Plastic is everywhere and far too often disposed of without an afterthought. Considering the fact that the average plastic bottle has a lifespan of 500 years or longer, it’s high time this comes to an end…

Given the emphasis placed on recycling in North America, I was surprised to discover that in the United States only 9% of plastics actually get recycled. According to a 2015 report by Worldwatch, Europe fares much better: 26% (6.6 million tons) of the post-consumer plastic they produced in 2012 was recycled, while 36% was incinerated for energy generation and the remaining 38% went to landfill. Speaking of incineration: I discovered from this interesting read on Treehugger that most of Sweden’s waste is transformed into energy in this way.

Thus, a significant amount of disposable plastic ends up in landfill, oceans and inside us.

Photo credit: Surfrider Plastic Sushi campaign

Plastic Recycling is Still a Business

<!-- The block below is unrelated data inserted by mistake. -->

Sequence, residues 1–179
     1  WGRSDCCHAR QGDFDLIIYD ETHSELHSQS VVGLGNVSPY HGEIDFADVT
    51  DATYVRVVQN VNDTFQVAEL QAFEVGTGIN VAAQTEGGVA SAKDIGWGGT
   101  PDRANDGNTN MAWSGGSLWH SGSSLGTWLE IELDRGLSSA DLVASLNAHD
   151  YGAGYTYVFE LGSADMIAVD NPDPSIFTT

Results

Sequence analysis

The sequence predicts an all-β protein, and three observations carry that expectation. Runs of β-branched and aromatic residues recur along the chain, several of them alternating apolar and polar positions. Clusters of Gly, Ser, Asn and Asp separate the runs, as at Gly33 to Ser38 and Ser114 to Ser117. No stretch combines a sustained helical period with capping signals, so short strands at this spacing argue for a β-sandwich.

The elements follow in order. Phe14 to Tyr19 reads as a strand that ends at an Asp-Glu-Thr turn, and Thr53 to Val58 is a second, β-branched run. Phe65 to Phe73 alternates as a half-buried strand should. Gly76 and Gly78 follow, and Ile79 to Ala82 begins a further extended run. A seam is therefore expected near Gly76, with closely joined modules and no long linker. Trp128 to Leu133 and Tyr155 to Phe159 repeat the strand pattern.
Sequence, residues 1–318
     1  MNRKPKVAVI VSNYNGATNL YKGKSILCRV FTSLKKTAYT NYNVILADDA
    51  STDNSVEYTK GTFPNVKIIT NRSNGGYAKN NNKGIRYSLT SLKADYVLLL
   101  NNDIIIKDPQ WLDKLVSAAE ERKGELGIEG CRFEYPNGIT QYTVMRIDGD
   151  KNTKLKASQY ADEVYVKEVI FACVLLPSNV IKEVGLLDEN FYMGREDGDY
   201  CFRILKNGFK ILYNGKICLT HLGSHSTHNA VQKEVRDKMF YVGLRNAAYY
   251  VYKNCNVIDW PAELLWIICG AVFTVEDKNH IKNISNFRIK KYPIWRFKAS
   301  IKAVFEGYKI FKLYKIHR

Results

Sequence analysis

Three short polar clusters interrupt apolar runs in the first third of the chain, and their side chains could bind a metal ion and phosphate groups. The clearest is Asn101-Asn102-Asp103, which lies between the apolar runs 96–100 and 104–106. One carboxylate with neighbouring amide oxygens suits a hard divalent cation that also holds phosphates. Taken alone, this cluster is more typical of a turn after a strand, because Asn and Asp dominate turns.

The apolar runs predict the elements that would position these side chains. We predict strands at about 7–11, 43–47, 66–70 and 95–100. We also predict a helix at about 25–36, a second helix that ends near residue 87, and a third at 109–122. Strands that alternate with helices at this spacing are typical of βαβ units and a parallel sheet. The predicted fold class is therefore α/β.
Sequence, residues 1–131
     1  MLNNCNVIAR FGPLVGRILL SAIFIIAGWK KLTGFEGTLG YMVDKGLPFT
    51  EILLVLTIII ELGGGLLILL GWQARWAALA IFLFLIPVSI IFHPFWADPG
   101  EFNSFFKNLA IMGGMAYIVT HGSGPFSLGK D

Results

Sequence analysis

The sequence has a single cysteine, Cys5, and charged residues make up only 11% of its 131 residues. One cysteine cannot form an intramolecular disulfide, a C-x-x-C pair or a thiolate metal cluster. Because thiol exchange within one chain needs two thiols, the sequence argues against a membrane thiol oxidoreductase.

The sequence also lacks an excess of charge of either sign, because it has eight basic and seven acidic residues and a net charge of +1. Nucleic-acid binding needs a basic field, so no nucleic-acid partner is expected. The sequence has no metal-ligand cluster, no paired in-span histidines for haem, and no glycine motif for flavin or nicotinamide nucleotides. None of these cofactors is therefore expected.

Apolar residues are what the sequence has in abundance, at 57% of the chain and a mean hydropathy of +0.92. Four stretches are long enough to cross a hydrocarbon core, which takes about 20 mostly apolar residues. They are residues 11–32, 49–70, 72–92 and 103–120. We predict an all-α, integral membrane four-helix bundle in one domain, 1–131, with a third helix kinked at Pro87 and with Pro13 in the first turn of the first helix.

According to a Worldwatch 2015 report, the majority (56%) of plastic recyclers export their waste to China where it is used to produce a cheap source of polymer resin.

As you can imagine, not all the plastics they receive can be reused. Plastics are hard to sort so mom and pop operations at great risk to their health manually “sniff” and sort plastics and attempt burn the rest. This results in toxic fumes which adds to China’s smog problem.

Is this our future? 5 Photos From The Beijing Fashion Show That Make Surviving Smog Sexy Photo Credit: BusinessInsider.com

Given China is making efforts to curb their smog crisis, its only a matter of time before China will globally import less plastic and invest more in its own domestic recycling infrastructure.

Thus, there is an opportunity for a Greener Economy for North America to deal with their own plastic waste

Here’s what’s happening in this arena worldwide:

Why need to take action

We must encourage plastic manufacturers to conduct their business as responsibly as possible. One way to do this: vote with your dollars by buying goods that uses plastic responsibly. If change doesn’t take place, as explained in this brief video, even more plastics will find their way into us.


Also published on Medium.